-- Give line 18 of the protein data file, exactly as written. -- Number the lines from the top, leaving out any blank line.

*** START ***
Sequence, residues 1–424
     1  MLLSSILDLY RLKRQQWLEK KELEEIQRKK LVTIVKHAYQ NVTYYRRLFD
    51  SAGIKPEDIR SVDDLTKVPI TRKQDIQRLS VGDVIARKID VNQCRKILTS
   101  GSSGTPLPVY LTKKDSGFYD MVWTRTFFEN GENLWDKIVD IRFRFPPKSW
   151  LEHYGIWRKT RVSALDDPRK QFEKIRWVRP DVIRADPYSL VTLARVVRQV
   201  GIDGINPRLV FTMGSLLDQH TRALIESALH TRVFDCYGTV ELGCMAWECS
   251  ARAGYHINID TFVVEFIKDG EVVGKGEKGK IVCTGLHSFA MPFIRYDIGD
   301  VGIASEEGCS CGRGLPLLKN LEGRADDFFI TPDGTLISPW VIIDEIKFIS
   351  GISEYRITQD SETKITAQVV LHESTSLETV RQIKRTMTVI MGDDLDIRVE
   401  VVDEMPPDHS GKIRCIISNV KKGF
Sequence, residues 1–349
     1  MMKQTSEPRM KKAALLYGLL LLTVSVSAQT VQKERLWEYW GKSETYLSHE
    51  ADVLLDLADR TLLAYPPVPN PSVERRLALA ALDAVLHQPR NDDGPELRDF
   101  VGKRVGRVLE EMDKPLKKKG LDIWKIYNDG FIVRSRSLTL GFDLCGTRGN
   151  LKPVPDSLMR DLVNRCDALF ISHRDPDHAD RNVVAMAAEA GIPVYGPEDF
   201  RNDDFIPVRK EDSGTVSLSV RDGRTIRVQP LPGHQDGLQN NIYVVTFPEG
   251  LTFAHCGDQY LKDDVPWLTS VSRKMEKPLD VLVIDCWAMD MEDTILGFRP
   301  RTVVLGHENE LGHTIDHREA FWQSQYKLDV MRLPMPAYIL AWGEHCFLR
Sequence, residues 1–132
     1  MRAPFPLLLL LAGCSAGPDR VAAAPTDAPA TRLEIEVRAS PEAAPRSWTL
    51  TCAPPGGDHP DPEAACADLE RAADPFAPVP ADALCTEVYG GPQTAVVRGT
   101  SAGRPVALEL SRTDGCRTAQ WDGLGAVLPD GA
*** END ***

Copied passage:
   301  RTVVLGHENE LGHTIDHREA FWQSQYKLDV MRLPMPAYIL AWGEHCFLR